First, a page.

Wednesday, July 6, 2016

Review of Reproduction of 'Cave Temples of Dunhuang: Buddhist Art on China's Silk Road'

THE WALL STREET JOURNAL
By Lee Lawrence
Cave 285, a full-size copy of which is on display in the exhibition. PHOTO: COURTESY DUNHUANG ACADEMY
CALIFORNIA---On a sunny afternoon, the glare in the Getty Center’s Arrival Plaza is blinding—and stepping into Cave 285 feels like teleporting to heaven. Here, in one of the main features of “Cave Temples of Dunhuang: Buddhist Art on China’s Silk Road,” winged creatures flutter on the vaulted ceiling while, on the walls, Buddhas preach, myths unfold, mortals repent, donors pay homage. This is a full-size copy, created by hand on the basis of detailed scans and myriad photographs of a grotto carved into cliffs that edge the Gobi desert in northwestern China. [link]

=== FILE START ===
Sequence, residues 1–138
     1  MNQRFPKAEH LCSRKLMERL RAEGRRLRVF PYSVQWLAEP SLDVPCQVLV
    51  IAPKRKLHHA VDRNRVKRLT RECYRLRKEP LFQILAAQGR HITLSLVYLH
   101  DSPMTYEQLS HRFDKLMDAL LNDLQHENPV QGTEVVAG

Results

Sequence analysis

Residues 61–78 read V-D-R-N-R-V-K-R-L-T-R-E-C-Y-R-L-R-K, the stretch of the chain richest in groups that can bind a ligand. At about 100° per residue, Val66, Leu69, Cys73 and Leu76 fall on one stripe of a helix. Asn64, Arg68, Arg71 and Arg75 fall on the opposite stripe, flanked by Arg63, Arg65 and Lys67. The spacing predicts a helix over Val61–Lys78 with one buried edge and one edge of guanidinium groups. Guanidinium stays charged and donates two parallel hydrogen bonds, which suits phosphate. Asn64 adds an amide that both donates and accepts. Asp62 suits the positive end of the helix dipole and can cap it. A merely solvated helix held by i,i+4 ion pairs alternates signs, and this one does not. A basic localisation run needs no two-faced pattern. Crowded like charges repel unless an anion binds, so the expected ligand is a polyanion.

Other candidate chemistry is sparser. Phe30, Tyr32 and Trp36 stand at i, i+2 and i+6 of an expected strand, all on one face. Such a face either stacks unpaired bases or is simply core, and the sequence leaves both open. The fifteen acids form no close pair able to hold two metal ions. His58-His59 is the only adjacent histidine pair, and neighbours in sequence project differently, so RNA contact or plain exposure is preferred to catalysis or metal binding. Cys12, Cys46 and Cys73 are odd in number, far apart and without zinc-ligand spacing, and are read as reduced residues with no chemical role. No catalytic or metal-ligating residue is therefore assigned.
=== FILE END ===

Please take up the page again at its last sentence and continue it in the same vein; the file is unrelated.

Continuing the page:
J. Paul Getty Museum: "Cave Temples of Dunhuang: Buddhist Art on China’s Silk Road" (Ends Sept. 4, 2016);1200 Getty Center Drive, Los Angeles, CA; (310) 440-7300; getty.edu